1. This breastfeeding policy is routinely communicated to all health care staff.
    1. All hospital staff will be informed of the breastfeeding policy in their orientation programs.
    2. A copy of the policy will be prominently displayed in all obstetric, neonatal and paediatric units.
    3. The information précis flyer in English and Chinese will be displayed in public areas of the Hospital.
    4. This policy will be reviewed every three years.
  2. All health care staff involved with implementing the policy will be trained with the requisite knowledge and skills.
    1. All health care providers responsible for pregnant women, mothers and babies will be trained on breastfeeding management skills at levels applicable to their professional roles.
    2. New staff will receive training within six months of work commencement.
    3. All training will be based on the Hospital’s documented and regularly updated curriculum that includes the "Ten Steps to Successful Breastfeeding" advocated by the WHO.
    4. All clerical and ancillary staff will be made cognizant of the hospital's breastfeeding policy and trained on appropriate referral of related queries to health care staff.
    5. Practices recommended by “The International Code of Marketing of Breastmilk Substitutes” and subsequent relevant WHA resolutions will be included in all orientation and training programs.
    6. All departments are to keep accurate and detail staff training record on breastfeeding.
  3. All pregnant women will be informed of the benefits and management of breastfeeding.
    1. Information will be provided by non-commercial educational material and in person at antenatal classes.
    2. All pregnant women attending antenatal clinic will have their breastfeeding knowledge, infant feeding choice and concerns, and previous feeding experience discussed with them. Information collected on each case will be documented on record.
    3. Information on infant feeding must include the benefits and superiority of breastfeeding, skin-to-skin contact, responsive feeding, positioning and effective sucking, rooming-in and exclusive breastfeeding for the first six months of life.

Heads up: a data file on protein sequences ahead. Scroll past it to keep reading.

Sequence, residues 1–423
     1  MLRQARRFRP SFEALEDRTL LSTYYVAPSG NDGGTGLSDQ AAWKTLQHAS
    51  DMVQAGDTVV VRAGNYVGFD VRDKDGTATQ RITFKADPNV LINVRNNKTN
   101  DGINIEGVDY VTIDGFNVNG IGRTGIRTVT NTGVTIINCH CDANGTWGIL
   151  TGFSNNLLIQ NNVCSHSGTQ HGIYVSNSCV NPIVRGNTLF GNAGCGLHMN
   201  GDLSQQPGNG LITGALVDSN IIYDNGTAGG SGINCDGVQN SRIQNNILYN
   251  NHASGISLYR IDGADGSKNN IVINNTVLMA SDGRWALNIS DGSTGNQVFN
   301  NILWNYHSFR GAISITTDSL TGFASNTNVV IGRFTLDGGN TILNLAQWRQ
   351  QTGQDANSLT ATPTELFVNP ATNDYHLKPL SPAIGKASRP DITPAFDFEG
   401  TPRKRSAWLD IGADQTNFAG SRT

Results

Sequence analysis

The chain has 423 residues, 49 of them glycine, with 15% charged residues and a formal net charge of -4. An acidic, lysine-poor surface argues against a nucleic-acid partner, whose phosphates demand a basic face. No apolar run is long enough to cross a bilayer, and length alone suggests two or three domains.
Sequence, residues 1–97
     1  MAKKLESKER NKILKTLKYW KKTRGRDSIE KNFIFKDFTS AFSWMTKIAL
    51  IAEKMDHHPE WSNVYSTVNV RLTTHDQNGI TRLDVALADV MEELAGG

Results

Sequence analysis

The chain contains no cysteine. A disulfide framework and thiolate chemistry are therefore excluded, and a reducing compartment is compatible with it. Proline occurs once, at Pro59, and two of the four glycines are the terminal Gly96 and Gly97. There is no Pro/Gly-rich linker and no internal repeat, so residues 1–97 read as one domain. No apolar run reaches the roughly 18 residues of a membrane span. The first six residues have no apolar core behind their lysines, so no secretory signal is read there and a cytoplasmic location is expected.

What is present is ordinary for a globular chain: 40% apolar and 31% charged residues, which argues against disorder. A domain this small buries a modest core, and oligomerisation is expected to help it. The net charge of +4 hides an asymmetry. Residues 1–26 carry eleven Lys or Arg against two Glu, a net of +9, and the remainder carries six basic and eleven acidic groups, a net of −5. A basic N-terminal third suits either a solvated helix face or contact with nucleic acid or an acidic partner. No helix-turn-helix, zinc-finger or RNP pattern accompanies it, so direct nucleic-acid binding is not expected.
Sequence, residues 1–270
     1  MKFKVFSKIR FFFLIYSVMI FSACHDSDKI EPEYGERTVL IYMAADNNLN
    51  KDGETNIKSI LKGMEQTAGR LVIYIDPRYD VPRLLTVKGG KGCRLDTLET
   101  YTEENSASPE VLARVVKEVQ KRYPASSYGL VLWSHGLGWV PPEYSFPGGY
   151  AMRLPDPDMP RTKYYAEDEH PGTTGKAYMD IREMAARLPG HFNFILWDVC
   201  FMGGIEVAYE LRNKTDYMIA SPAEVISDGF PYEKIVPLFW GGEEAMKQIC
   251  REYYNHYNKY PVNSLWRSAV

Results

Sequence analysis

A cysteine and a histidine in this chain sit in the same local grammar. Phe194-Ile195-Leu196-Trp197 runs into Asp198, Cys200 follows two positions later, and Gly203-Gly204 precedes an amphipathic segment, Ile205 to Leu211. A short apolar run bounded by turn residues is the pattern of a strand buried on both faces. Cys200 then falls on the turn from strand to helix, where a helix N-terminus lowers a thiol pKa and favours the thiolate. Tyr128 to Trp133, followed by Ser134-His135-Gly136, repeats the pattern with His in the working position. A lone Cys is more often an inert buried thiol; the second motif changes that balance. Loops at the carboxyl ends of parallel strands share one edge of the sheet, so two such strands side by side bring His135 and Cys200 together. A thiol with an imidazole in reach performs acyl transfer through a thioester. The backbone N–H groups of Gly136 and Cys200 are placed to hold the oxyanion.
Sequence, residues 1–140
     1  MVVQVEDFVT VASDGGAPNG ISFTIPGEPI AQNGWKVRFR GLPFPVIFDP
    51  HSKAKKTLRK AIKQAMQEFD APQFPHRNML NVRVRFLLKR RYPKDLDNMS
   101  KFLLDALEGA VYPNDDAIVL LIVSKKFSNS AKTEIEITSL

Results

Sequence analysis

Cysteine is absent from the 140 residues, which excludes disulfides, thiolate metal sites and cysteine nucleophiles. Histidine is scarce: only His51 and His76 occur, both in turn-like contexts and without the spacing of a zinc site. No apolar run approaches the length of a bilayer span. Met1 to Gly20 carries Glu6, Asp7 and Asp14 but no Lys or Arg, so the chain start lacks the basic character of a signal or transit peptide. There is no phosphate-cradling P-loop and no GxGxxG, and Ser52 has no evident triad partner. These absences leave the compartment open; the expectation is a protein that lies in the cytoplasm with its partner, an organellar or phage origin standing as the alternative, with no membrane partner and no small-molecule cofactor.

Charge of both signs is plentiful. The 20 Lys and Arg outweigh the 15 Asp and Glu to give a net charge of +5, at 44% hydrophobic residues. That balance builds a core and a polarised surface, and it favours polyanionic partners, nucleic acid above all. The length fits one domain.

4. Information about the risks of giving supplements to babies during the first six months will be discussed with pregnant women.
    5. Information provided to mothers should also include the value and methods of developing a positive and loving relationship with their babies.
    6. Women who have previous unsatisfactory breastfeeding experience or breast problems will be referred to a lactation consultant.
    7. Information on practices supporting mother-friendly childbirth will be included in antenatal talks.
  4. The Hospital will help mothers start skin-to-skin contact with their babies soon after delivery.
    1. Mothers will be advised of the benefits of skin-to-skin contact.
    2. Babies are to have at least an hour of uninterrupted skin-to-skin contact with their mothers immediately after birth regardless of the intended feeding mode. The duration of skin-to-skin contact should last till after the first feed or for as long as the mother wishes.
    3. If skin-to-skin contact has to be delayed or interrupted due to medical conditions of either mother or infant, it should be facilitated once the situation allows.
    4. For caesarean section birth, mothers and babies are to remain together once their conditions stabilize and the mothers become responsive.
    5. Mothers will be taught to recognize baby feeding cues and assisted to get started with breastfeeding.
    6. Nursing procedures and practices are to provide attentive care for both the mother and the infant.
    7. Mothers with babies in special care units are encouraged to hold their babies with skin-to-skin contact whenever conditions allow.
  5. Mothers will be shown how to breastfeed and maintain lactation within six hours of delivery, even if they are temporarily separated from their infants.
    1. Mothers will be offered assistance with breastfeeding during their hospital stay. Nurses and midwives will assess and document the effectiveness of the feeding.
    2. All breastfeeding mothers are taught correct positioning and attachment of their babies.
    3. Mothers will be referred to a lactation consultant if needed.
    4. Before their discharge from hospital, all mothers will be taught hand expression techniques and when to have them practiced.
    5. Mothers separated from their babies after birth are offered help and encouraged to have early milk expression (preferably within six hours after delivery) at least 8 times a day.
    6. Mothers will be taught proper ways to clean utensils, store and transfer expressed breastmilk.
    7. Expressed breastmilk are to be brought to babies in special care units.
  6. Newborn infants will be fed breastmilk only. Other food or drink will be given only if medically indicated.
    1. No water or formula will be given to a breastfed baby unless prescribed by doctors, nurses or midwives with clear indications and proper documentation.
    2. Health care professionals must assess the condition of the baby and the breastfeeding process before considering supplementary feed. Parents must be informed of the decision.
    3. If a baby cannot be breastfed or extra supplementary feed is required, expressed breastmilk should always be the first choice.
    4. If a mother is unable, or does not wish, to breastfeed her infant directly, the infant is to be fed using alternate feeding methods such as cup, spoon, or feeding tubes, in accordance with the principles of preserving breastfeeding.